The Brandeis Library is committed to full compliance with the laws governing the use of copyrighted material for academic purposes. Compliance with the copyright laws, including the doctrine of fair use, promotes progress in the arts and sciences and helps the University to fulfill its academic mission. This guide does not supply legal advice nor is it intended to replace the advice of legal counsel.
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- Why should I think about copyright?
- How can I know whether something is copyrighted and who owns the copyright?
- How can I use copyright to protect my rights to my own works?
- Copyright violations
- Exceptions and defenses to copyright infringement.
- What is the public domain?
- How can I know if a work is in the public domain?
- How can I know if my use of a copyrighted work is protected as “fair use”?
- How do I apply fair use “factors” to my situation?
- Doesn’t fair use mean that copyright doesn’t apply to educators?
- Modifying your plan to help avoid infringement
- How can a Creative Commons license help me to avoid infringement?
- What is the “classroom exception?”
- What about the TEACH Act?
Copyright is a law that grants creators exclusive rights over their creative expressions. You should think about copyright whenever you are considering using someone else’s creative work that was at any time fixed in a tangible medium of expression because if you use someone else’s creative work in a way that infringes their exclusive rights, you can be exposed to expensive legal penalties. Therefore, copyright applies and ought to be considered whenever you intend to reproduce, in whole or in part, something someone else originally created.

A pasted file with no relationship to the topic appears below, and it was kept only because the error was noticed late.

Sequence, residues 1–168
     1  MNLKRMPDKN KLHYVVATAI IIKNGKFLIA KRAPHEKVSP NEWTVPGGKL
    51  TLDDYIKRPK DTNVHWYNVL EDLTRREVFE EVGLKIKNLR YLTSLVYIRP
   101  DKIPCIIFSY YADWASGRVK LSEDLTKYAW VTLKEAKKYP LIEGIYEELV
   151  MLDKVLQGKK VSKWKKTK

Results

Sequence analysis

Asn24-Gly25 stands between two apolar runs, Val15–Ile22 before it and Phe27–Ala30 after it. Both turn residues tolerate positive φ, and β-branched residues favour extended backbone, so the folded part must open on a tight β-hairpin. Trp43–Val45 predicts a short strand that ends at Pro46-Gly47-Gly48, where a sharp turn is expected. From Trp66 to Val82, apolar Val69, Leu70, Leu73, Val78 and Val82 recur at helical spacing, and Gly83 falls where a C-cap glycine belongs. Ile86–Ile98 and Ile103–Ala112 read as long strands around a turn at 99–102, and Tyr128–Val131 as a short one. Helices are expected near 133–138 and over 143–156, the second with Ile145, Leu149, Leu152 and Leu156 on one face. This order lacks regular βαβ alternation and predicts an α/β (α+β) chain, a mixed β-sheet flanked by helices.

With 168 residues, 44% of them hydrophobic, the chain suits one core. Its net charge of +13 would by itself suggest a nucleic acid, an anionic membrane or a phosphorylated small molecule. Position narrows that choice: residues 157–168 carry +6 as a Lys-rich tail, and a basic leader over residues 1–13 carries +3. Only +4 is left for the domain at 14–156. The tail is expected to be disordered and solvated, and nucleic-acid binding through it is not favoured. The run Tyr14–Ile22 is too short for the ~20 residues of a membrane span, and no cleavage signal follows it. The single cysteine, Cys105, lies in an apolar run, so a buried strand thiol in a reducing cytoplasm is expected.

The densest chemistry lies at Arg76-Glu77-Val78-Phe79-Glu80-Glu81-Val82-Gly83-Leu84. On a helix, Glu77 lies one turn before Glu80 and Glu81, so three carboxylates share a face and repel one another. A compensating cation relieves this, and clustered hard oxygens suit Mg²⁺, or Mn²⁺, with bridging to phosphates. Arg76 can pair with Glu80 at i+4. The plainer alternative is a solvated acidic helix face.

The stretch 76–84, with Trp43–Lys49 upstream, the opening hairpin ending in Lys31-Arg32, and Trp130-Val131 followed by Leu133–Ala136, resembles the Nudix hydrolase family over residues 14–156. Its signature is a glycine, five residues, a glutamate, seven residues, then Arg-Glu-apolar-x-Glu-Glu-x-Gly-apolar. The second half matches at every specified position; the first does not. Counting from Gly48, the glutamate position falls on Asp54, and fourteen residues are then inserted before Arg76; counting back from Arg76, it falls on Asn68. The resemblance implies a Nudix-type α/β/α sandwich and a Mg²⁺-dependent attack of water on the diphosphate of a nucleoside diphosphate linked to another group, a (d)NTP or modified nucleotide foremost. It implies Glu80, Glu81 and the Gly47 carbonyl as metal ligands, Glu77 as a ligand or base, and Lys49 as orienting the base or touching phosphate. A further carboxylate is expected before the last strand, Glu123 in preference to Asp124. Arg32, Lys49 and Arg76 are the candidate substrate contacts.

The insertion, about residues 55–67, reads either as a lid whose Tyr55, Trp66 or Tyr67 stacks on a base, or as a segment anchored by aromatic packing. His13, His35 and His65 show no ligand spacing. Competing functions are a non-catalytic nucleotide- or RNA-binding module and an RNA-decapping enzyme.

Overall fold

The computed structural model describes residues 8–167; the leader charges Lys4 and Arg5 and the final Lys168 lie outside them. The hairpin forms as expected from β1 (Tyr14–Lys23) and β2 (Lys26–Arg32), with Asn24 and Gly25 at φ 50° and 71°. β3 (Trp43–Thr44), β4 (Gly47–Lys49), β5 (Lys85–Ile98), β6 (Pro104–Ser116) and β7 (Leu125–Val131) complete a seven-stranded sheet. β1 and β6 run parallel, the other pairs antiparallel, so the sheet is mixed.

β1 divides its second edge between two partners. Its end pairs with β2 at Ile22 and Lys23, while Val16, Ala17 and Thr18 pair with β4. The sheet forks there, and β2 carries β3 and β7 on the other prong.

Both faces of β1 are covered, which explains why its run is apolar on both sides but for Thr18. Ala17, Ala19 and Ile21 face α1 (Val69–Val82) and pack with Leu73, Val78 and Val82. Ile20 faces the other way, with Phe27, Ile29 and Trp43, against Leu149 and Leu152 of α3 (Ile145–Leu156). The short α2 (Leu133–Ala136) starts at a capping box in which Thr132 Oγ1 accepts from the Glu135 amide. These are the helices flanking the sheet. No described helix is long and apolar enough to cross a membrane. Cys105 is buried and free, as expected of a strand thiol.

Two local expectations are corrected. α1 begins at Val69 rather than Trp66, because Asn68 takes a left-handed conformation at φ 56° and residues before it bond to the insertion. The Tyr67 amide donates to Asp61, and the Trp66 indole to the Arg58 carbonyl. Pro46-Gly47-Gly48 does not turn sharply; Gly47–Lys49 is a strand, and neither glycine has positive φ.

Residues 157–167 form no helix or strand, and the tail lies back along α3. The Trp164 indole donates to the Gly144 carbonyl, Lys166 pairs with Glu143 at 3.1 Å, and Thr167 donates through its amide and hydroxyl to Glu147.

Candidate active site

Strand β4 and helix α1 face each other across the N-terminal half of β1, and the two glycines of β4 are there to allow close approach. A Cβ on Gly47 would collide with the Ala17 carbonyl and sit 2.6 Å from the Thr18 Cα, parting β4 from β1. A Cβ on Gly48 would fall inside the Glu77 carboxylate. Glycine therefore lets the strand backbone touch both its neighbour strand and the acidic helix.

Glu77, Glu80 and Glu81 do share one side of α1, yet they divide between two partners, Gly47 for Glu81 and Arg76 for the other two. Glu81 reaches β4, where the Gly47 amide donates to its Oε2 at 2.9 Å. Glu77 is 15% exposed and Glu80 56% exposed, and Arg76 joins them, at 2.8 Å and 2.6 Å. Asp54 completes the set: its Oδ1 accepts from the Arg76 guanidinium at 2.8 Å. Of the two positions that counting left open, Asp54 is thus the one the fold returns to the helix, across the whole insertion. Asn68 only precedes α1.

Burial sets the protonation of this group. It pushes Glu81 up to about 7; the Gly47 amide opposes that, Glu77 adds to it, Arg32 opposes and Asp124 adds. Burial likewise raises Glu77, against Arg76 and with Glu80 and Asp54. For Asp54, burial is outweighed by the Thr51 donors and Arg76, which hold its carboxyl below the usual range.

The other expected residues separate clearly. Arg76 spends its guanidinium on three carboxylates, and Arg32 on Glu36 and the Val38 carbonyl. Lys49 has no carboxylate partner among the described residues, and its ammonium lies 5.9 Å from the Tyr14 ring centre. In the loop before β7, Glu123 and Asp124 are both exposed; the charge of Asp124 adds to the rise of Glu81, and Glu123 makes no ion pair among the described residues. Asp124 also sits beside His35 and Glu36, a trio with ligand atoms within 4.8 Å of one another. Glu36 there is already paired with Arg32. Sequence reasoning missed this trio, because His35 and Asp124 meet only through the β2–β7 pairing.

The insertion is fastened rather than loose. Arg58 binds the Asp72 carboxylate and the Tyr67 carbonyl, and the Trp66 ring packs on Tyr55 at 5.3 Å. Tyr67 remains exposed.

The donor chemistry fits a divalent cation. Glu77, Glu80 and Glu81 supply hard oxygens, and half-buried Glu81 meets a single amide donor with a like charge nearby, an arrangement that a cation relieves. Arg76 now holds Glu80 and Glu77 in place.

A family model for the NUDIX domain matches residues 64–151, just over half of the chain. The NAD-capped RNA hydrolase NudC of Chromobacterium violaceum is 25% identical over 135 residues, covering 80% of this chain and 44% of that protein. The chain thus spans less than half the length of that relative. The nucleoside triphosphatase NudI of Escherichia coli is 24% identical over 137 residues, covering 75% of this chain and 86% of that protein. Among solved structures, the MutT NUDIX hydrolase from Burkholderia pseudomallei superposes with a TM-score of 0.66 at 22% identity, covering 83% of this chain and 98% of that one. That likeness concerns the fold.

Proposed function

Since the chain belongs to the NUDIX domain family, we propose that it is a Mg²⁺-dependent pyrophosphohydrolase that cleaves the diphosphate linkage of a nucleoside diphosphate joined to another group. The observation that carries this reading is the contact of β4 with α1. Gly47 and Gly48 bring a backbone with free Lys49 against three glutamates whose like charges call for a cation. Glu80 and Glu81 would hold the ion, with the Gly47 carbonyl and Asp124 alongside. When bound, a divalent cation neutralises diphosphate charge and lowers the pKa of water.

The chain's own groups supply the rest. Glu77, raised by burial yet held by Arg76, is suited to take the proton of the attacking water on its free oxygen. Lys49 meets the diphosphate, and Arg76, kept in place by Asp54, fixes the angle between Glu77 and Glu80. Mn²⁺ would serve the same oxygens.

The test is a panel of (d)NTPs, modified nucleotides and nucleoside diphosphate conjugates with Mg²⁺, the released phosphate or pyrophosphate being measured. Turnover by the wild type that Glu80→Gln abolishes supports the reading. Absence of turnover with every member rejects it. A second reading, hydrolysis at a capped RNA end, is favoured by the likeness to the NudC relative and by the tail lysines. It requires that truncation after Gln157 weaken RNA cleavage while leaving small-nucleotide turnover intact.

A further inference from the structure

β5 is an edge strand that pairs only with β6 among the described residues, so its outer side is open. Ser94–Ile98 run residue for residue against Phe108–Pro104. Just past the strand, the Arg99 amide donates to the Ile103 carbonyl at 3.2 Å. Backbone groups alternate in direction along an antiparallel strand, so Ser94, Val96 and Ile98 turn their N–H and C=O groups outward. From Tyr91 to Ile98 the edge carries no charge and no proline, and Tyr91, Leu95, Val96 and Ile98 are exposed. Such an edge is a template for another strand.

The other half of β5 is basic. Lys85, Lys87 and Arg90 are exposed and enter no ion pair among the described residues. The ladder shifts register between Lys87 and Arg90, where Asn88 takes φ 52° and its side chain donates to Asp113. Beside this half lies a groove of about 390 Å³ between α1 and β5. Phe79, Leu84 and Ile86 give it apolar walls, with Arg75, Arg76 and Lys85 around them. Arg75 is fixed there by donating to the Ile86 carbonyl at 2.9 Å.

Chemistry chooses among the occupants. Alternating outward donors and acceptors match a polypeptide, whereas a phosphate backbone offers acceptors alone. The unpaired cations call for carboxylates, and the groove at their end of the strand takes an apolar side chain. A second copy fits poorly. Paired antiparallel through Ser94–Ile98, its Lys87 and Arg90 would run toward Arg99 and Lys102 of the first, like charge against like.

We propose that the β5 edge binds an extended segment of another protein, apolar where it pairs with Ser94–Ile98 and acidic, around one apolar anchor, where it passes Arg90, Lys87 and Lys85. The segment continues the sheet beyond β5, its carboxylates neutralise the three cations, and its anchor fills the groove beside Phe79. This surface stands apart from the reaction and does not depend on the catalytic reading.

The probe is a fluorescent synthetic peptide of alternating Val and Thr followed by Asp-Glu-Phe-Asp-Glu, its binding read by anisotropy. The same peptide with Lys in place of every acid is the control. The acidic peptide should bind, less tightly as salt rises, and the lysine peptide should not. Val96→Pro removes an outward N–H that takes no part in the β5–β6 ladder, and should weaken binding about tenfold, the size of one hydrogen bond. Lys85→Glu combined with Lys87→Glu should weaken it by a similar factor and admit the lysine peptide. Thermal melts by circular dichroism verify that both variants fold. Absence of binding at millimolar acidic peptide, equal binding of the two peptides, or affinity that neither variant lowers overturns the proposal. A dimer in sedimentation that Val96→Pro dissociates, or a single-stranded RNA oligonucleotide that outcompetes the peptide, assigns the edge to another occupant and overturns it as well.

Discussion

The types of “creative work” copyright applies to can be text, images, sound, objects, software, or designs: anything that is someone’s original expression. “Tangible medium of expression” doesn’t necessarily mean that the medium currently exists, only that such a medium ever existed: for instance, a radio broadcast exists (sometimes extremely briefly) on the recording equipment that captures and broadcasts it. Even if a permanent recording of the broadcast wasn’t made or wasn’t kept, the broadcast itself is still copyrighted. This same principle applies to the random-access memory of computers. If something ever existed in any digital form, it could be copyrighted even if it no longer exists or has become inaccessible. Therefore, you should think about copyright whenever you are considering using someone else’s creative work as a part of your own, new work.
You should begin by assuming that all original, creative works are protected by copyright before looking for a reason why they may not be, such as whether they have entered the public domain. If you determine that a work is not in the public domain and you still want to reproduce it in whole or in part, you can:
- Obtain permission from the rights-holder
- Consider whether your use is protected by an exception or defense
- Modify your plan to avoid infringing copyright
To determine who holds a copyright and can give you permission to use it, consider the creators and publishers of the work. The copyright holder is generally the creator, but could be someone who commissioned the creator to create the work “for-hire,” or a publisher who the creator agreed to transfer their copyright to.
Your own creative work is copyrighted from the moment of its creation (assuming it is actually is your work and not a work you did “for-hire”). Although you automatically hold copyright to your own works, you must register the work with the U.S. Copyright Office before you are allowed to bring lawsuits to enforce your copyright. You can register your copyright by filling out a brief form and depositing two copies of the work with the Office. Timely registration—within three months of the work’s public distribution—makes it much easier to recover money damages from an infringer.
Copyright law defines its own limits. These include the amount of time a work is protected before it enters the “public domain,” the “fair use” defense, and a third is a narrow, specific exemption for display and performance of copyrighted works in face-to-face classroom settings. These limits provide guidance as to whether or not your uses of copyrighted material are legally protected.